On Friday I drove up to Ithaca, NY to attend Hip Hop: Unbound from the Underground, a conference sponsored by the Cornell University Hip Hop Collection – the largest national archive on hip hop culture. It included several panels and events involving the luminaries of early hip hop.
The first panel I attended included Afrika Bambaataa, Raheim and MC Sha-Rock (both of Funky Four +1 fame, the former also a member of the Furious Five) and Timothy C. Brown Sr. (who shot the earliest known footage of a Hip Hop performance in 1977). There were also other hip hop pioneers in the audience, like Queen Lisa Lee and Lil Rodney C. (both of which are probably most famous from their appearances in Wild Style).
While being in the presence of these early hip-hoppers was an honor, I was disappointed that the discussion was not as detailed as I would have liked it to be. All the panelists spoke in generalities and there was a little too much grumbling about the current state of hip-hop music that came off in some instances as old folks talking about how good the old days used to be. Afrika Bambaataa, however, was on point when in the discussion of contemporary female MCs introduced us to Sa-Roc, and the moderator quickly searched You Tube and played us a bit of one of her videos. This was a welcome difference from discussion that reeked to me of gender conformity and referencing women as “queens” as a term of respect, which I fear is just another way to objectify them.
The discussion on female MCs came up because MC Sha-Rock is considered by many to be the first female MC, a position she embraces and was very adamant about establishing. The footage provided by Timothy Brown was presented as further evidence of this because of her presence in that early film of a party at a place called The Eastwood in 1977. Now, I am not trying to take anything away from her and I think it is really important to show that women were part of the culture from the earliest days (she, herself, said she went from b-girl to rapper) – but the importance of being “the first” is a little lost on me. But she wants to make sure she has her place in history and I guess history is concerned with firsts. The thing is, no one worries so much about the first male MC, and in those early days the very idea of what an MC was or could be was still being developed – so she is among the first and among those first was a woman, because of course there was. . . how could there not be?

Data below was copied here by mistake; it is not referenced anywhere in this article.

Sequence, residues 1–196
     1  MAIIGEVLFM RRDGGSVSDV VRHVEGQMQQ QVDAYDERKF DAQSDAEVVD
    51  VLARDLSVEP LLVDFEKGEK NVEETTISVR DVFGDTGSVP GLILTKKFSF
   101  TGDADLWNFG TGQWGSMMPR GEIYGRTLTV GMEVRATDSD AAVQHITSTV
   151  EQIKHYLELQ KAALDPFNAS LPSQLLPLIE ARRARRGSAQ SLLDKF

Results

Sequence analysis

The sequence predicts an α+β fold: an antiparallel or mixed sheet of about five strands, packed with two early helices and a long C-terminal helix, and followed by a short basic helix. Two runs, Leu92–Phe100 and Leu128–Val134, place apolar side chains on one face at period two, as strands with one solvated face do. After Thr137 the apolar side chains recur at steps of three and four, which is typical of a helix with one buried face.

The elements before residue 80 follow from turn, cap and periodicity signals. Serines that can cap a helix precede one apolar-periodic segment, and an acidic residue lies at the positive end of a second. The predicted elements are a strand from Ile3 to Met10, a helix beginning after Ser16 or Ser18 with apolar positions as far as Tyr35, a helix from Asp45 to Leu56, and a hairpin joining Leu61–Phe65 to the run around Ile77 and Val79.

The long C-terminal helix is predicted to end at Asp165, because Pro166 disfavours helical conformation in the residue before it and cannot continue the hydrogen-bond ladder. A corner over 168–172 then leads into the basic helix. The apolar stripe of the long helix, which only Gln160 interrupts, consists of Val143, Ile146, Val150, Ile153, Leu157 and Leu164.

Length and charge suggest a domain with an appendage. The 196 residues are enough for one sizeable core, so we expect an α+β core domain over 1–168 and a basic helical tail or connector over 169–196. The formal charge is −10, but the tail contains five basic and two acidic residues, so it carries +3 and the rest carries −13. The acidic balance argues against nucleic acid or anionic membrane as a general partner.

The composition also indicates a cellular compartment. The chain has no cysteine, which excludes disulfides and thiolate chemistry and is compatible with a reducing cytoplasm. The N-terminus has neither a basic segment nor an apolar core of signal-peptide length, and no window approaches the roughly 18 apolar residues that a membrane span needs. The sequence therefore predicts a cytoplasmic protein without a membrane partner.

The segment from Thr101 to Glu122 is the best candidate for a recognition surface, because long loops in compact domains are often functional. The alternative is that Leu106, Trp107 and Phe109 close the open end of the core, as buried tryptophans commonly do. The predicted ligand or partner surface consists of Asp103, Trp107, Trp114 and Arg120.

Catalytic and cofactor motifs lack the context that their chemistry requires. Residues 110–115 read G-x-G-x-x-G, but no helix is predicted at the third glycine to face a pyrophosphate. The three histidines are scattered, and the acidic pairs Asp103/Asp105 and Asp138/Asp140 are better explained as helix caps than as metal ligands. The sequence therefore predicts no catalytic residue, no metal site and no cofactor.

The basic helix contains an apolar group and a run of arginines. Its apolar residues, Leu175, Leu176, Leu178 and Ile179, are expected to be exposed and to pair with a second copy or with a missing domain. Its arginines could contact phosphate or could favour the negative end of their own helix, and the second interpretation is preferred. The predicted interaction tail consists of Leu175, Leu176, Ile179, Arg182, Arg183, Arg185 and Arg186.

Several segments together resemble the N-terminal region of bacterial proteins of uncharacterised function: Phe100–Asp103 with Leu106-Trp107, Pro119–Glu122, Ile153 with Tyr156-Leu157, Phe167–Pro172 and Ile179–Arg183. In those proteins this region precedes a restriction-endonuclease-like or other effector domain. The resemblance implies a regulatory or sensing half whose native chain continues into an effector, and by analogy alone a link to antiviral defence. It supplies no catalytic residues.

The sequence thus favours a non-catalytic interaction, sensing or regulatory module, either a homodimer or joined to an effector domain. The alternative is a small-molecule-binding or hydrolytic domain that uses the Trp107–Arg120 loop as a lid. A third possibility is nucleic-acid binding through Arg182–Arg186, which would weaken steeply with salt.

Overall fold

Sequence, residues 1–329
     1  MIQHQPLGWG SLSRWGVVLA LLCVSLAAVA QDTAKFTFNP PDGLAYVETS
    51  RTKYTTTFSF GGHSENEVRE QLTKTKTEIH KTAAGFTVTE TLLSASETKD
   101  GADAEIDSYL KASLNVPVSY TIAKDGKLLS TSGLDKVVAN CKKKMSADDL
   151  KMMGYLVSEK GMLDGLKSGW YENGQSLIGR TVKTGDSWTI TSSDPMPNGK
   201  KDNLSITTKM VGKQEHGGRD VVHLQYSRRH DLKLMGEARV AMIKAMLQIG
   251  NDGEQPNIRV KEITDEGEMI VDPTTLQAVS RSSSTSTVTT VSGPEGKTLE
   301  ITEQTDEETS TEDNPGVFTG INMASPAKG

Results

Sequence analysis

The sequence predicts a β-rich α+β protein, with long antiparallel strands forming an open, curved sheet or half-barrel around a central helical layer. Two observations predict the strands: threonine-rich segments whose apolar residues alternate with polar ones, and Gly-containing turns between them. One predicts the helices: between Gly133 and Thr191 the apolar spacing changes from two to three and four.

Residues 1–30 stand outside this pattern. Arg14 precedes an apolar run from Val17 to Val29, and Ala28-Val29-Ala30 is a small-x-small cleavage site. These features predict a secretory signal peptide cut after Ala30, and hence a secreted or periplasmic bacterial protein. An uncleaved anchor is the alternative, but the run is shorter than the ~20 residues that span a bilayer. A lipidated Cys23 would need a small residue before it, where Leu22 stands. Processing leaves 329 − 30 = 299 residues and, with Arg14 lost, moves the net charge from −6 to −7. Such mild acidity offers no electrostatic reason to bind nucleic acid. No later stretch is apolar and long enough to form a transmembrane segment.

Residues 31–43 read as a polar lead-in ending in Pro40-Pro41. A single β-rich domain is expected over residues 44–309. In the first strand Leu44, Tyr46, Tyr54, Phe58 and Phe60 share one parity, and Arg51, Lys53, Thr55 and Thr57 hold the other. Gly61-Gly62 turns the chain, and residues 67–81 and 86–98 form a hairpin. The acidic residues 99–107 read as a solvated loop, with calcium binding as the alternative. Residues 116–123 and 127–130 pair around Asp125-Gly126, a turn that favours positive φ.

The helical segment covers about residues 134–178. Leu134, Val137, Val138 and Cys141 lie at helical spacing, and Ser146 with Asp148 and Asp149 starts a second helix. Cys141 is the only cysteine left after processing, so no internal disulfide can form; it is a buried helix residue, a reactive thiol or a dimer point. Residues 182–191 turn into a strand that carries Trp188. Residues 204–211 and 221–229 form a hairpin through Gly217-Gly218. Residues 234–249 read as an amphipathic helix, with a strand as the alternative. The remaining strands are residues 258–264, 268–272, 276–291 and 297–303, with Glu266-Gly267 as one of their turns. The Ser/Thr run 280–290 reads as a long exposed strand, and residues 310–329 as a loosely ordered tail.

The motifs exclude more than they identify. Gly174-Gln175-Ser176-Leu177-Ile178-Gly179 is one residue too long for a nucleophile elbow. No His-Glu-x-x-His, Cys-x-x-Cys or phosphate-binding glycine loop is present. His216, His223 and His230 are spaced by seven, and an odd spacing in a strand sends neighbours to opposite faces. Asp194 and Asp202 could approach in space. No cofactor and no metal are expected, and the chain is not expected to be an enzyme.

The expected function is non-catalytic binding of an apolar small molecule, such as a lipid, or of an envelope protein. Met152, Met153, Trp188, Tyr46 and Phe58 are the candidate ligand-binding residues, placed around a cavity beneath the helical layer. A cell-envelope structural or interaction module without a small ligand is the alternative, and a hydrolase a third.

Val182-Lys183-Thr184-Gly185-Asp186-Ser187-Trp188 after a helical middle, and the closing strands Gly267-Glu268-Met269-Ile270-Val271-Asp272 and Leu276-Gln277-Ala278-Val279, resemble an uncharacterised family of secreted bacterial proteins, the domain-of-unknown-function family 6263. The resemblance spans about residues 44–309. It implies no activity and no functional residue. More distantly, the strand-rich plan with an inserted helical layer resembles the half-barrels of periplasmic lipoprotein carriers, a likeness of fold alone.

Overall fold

As Bam points out in a short video I caught, the earliest “rappers” (of a kind) were actually DJs, but the role of talking to the crowd and transitioning them between jams moved from the DJ to the MC (a master of ceremonies) meant to “move the crowd” and “control the mic,” changing and expanding what it meant to rap, until MCs as we think of them now became their own thing.
I love that Afrika Bambaataa mentions Cousin Brucie, of all people, as a DJ whose voice influenced the idea of rapping – just goes to show that what hip hop does best is integrating a wide range of voices, sounds and styles. Another example of that integration came up when Bam talked about playing Babatunde Olatunji’s “Jingo Ba” and introducing the crowd to Fela Kuti’s work at the parties he DJed.
Speaking of early MCs, Lil Rodney C also spoke about how he was inspired to take part in what would come to be known as hip-hop.
Rodney is referencing DJ Hollywood, one of the most famous club DJs of that era who brought hip hop elements into that disco scene, which was different from the crowds drawn at the parties held on the block. The stoop scene involving Double Trouble is my favorite in Wild Style (Rodney is the one on the right).
Speaking of Wild Style, I went the 30th Anniversary screening of the film, which began with a panel discussion involving the director, Charlie Ahearn and several of the people who appear in the film: Crazy Legs (of the Rock Steady Crew), Queen Lisa Lee, DJ Tony Tone, JDL and Grand Master Caz (the last three of the legendary Cold Crush Bros). This panel was great fun. It was like a bickering but loving family, talking a little smack about each other. The best part was a back and forth between Crazy Legs and Charlie Ahearn about the origins of the term hip hop, and the distinction between “hip hop” as a form of call-and-response present in early raps and its use a term for the culture. I wish I had been able to grab some video of this, but I couldn’t. In the words of Crazy Legs, “Back then we didn’t say we were doing hip hop, we just said we were gonna jam – calling it hip hop came later.”